Here's WTA retard :retard: Larry Scott :retard: : "The Sony Ericsson WTA Tour and our player and tournament members believe that through sport we can act as a positive influence for social change and equality, particularly in the area of women's rights. We are one of many sporting organizations that has reached this conclusion on the role that sport can play in diverse countries throughout the world."
Motherf****r :retard:
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post #7 of 35 (permalink) Old Mar 3rd, 2006, 03:38 PM
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This is a part of politics and business.
If someone will play top dollar, political ideals sometimes get pushed to the side.

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post #8 of 35 (permalink) Old Mar 3rd, 2006, 04:29 PM
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I'm surprised that NONE of the other players pass the event because of it, or speak out about it. Very surprised.

If it were me, I would HAVE to do both, morally.
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post #9 of 35 (permalink) Old Mar 3rd, 2006, 04:39 PM
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post #10 of 35 (permalink) Old Mar 3rd, 2006, 04:47 PM
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Well, this article is complete BS imo.

First, getting woman's rights in the equation is absolutely ridiculous. When you want to enter political positions in the tour, then probably it's also time to boycott socialist countries, dictatorships or whatever. Second, comparing the probable denial of Israelis to enter the tournament to denying African Americans of entering tennis tournaments is not only an imperfect analogy, it is a TERRIBLE one. Countries have fights with each other all the time, and would certainly deny entry to people from a certain country. That is by no means comparable to racial discrimination. Somebody needs to put that idiot in his place.

Last edited by Apoleb; Mar 3rd, 2006 at 04:53 PM.
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post #11 of 35 (permalink) Old Mar 3rd, 2006, 06:12 PM
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Quote:
Originally Posted by Jorje286
...socialist countries...
What's a socialist country for you? Spain for example has a socialist government right now and everything is OK...
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post #12 of 35 (permalink) Old Mar 3rd, 2006, 07:03 PM
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Saying and doing in the Arab world are very often contradictory actions. When Israel bombs Iran there will be the most outraged reaction from places like the UAE followed by the diplomatic equivalent of high fives with any Israeli they meet and eventual unconfirmed relevations that they assisted with the intelligence and the mission itself.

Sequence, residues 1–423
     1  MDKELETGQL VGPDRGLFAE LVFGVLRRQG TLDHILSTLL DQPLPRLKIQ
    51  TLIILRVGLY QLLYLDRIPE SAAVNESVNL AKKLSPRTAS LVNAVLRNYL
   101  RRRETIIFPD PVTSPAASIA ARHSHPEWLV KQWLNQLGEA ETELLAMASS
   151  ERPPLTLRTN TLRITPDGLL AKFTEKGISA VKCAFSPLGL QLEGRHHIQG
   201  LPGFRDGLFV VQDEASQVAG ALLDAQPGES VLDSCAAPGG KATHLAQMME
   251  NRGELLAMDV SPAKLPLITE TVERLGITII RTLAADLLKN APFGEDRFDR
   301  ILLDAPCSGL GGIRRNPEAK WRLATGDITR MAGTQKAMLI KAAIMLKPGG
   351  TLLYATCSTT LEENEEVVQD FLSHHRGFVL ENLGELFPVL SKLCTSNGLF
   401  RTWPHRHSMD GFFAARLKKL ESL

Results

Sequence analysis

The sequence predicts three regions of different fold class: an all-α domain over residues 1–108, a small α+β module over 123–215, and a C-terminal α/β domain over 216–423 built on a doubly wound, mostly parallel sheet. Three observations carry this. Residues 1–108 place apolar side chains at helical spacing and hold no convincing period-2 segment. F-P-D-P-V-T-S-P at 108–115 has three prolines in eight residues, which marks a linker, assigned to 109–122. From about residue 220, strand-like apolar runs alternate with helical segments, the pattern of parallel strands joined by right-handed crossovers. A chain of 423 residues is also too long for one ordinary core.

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post #13 of 35 (permalink) Old Mar 3rd, 2006, 07:08 PM
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Thumbs up

Quote:
Originally Posted by tenn_ace
USA didn't extend an invitation to Cuba to play some big baseball tournament... I don't see sportillustrated making a big stink becuase of it.... a country full of hypocrits
That's true.
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post #14 of 35 (permalink) Old Mar 3rd, 2006, 07:24 PM
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As far as I know, there is no exact parallel to this. Howver, here are some observations.

a) Many countries regard Israel as a rogue state illegally occupying Palestinian land. I note they don't deny Jews entry, but rather Israeli nationals.

b) Re Shahar Peer, the WTA is a business. She joined voluntarily. I doubt she's happy about the tournament being there, but she's free to leave the tour if she likes. least Especially considering that, at the moment, she's at technically in the Israeli military.

c) If you recall, there was an international ban on South African participation in international sporting events in the latter stages of the apartheid regime.

d) IF, and I stress IF, the WTA has secured the right of any Israeli player to particiapte in the event, they've certainly done their share.

Israel is a nation reserves to itself the right to violate it's neighbor's borders, and kill their citizens. (And yes, I know the whole 'self-defense' song-and-dance, I just don't buy all of it. Some maybe. Not all. Of course, if I was Prime Minister of Israel, my decisions would likely not be any more peaceful than those of Shimon Peres. And he certainly was no pacifist.)

Is it all that surprising that some countries in the region don't allow Israelis in? They might be providing targeting information.

Consider the American reaction to the Dubai port deal? Is it not the same?

'No citizen of Dubai can be trusted.'
'No citizen of Israel can be trusted.'

The pursuit of power can lead to extreme policy decisions.

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Not blind. Not uninformed. We are party to atrocities. But the response of the world after 9/11 is worth noting. Even our most dire enemies offered aid. We should all be so lucky.
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post #15 of 35 (permalink) Old Mar 3rd, 2006, 07:28 PM
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Quote:
Originally Posted by Polla Muy Tiesa
What's a socialist country for you? Spain for example has a socialist government right now and everything is OK...
Spain has it's own disgusting sporting related problems.